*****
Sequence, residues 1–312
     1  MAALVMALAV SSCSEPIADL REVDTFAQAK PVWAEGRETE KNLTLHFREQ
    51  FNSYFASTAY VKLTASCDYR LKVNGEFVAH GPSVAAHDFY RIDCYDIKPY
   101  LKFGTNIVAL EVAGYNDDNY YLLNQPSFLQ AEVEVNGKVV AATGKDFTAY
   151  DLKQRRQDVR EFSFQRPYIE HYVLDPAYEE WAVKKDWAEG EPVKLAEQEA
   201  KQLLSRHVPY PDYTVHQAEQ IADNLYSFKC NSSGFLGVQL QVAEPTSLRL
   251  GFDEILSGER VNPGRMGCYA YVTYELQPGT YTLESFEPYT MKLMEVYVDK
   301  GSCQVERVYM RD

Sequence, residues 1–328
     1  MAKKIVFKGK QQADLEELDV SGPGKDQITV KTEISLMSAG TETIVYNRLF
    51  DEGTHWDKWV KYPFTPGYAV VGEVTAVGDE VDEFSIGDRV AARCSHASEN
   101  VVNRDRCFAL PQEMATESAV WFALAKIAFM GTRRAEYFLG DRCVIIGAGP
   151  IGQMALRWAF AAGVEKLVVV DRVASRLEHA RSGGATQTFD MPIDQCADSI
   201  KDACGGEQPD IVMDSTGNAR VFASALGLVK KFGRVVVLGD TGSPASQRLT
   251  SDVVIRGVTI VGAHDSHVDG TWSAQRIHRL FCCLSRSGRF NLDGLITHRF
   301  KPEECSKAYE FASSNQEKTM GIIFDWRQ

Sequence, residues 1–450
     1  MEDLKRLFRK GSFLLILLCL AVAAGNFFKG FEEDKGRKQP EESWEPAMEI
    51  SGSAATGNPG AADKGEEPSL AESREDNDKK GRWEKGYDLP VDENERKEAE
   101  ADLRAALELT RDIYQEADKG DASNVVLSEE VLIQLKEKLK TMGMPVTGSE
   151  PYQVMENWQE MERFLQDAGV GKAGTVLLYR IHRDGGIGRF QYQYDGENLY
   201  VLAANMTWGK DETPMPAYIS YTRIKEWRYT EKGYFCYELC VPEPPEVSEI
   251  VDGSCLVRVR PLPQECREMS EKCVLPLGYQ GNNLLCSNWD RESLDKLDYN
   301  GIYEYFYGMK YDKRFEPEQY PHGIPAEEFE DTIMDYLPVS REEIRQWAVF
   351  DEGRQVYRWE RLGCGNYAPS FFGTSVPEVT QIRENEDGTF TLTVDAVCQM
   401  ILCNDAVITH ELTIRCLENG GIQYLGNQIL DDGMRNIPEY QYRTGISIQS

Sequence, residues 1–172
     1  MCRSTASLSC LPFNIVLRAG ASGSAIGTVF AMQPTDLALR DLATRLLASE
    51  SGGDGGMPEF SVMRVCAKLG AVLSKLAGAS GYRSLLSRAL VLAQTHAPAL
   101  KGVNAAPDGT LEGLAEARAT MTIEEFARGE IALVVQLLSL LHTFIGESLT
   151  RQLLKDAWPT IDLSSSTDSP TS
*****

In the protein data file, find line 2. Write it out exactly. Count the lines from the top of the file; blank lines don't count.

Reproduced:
     1  MAALVMALAV SSCSEPIADL REVDTFAQAK PVWAEGRETE KNLTLHFREQ